Despite their popularity, 3-D movies are not for everyone. Some find them dizzying and even nauseating. To find out how common this reaction may be, public health researcher Angelo Solimini surveyed 497 moviegoers before and after they viewed 2-D and 3-D movies.
His findings, published in the journal PLoS ONE, show that 54.8 percent of 3-D moviegoers had symptoms such as nausea, headaches and disorientation. (A surprising 14.1 percent experienced these ill effects after watching conventional movies.) Women were particularly susceptible, as were people with a history of motion sickness. Viewers of 2-D movies focus primarily on the actors, Solimini theorized, while those watching 3-D movies tend to shift their eyes across the screen to follow the action.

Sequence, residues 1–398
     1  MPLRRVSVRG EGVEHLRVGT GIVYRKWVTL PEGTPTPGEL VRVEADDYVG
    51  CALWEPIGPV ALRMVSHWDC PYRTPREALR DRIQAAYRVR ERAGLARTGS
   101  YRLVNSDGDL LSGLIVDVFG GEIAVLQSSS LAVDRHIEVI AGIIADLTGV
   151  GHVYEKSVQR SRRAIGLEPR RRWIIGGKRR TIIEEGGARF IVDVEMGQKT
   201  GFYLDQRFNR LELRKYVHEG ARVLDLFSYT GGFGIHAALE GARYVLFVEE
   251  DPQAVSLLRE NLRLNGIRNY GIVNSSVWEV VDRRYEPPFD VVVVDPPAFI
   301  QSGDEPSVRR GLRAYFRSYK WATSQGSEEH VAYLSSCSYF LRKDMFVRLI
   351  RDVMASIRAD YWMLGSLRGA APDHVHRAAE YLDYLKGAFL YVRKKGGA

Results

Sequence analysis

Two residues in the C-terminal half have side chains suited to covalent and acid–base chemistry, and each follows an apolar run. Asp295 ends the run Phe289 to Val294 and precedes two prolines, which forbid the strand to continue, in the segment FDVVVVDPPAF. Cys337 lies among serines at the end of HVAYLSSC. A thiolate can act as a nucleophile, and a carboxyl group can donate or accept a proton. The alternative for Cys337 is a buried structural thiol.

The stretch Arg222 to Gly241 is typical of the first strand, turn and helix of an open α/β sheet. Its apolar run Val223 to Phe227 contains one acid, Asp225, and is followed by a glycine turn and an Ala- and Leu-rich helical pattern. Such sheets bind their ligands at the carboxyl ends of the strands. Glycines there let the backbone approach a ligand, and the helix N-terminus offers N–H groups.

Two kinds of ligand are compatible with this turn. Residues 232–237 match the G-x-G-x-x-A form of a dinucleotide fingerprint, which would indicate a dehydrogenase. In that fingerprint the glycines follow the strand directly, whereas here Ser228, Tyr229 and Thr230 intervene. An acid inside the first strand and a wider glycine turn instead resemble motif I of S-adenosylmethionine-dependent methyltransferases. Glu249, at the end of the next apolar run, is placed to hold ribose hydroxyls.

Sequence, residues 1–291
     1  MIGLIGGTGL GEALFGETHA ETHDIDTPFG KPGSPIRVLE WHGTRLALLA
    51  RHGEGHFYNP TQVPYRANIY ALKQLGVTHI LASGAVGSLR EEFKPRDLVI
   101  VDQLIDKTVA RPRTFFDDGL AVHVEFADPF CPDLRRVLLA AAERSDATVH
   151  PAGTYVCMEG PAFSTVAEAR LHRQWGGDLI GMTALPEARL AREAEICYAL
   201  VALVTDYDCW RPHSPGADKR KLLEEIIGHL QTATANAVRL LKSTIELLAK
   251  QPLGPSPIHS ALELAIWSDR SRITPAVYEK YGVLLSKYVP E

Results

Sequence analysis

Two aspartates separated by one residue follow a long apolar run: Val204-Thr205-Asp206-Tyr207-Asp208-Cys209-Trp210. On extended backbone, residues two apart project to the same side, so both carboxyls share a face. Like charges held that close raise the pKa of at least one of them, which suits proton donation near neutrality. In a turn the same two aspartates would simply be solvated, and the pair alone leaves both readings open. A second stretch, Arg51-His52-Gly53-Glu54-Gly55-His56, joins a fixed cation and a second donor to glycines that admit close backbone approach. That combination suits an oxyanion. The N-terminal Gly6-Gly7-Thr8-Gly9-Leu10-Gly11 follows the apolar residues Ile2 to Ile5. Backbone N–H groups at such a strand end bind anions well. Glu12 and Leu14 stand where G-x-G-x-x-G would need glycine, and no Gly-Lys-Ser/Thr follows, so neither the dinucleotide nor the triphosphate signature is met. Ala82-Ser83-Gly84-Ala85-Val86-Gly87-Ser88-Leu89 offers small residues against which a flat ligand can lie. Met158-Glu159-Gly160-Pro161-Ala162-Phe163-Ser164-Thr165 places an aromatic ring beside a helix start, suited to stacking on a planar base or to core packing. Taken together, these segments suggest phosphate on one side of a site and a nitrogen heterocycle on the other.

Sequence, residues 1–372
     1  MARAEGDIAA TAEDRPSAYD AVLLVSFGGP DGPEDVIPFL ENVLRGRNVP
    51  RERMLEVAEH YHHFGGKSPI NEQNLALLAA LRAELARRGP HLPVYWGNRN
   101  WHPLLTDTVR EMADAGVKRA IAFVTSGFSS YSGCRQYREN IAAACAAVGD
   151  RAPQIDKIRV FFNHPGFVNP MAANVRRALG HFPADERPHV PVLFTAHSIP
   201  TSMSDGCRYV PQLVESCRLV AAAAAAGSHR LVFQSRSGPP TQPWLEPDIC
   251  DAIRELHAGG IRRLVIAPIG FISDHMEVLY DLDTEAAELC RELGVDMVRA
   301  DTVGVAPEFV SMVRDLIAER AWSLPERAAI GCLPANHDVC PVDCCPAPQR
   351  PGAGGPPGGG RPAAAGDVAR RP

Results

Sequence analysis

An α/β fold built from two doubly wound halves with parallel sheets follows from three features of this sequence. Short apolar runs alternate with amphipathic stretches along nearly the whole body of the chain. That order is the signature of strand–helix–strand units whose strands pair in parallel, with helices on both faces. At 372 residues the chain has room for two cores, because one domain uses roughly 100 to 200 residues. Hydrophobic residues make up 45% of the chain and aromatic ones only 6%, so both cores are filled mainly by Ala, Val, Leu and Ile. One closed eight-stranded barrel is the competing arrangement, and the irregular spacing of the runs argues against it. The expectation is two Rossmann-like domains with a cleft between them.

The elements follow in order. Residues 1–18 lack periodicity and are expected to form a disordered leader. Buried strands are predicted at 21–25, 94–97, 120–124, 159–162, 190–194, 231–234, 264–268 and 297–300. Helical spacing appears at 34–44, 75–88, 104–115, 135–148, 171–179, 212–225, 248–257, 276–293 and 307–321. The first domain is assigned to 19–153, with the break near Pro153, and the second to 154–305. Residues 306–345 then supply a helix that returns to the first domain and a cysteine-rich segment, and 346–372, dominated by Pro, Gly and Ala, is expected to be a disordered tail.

Perhaps movie theaters should distribute airsickness bags along with 3-D glasses.
[This article originally appeared in print as "Lights, Camera, Puke! 3-D Movies Make Many of Our Heads Spin."]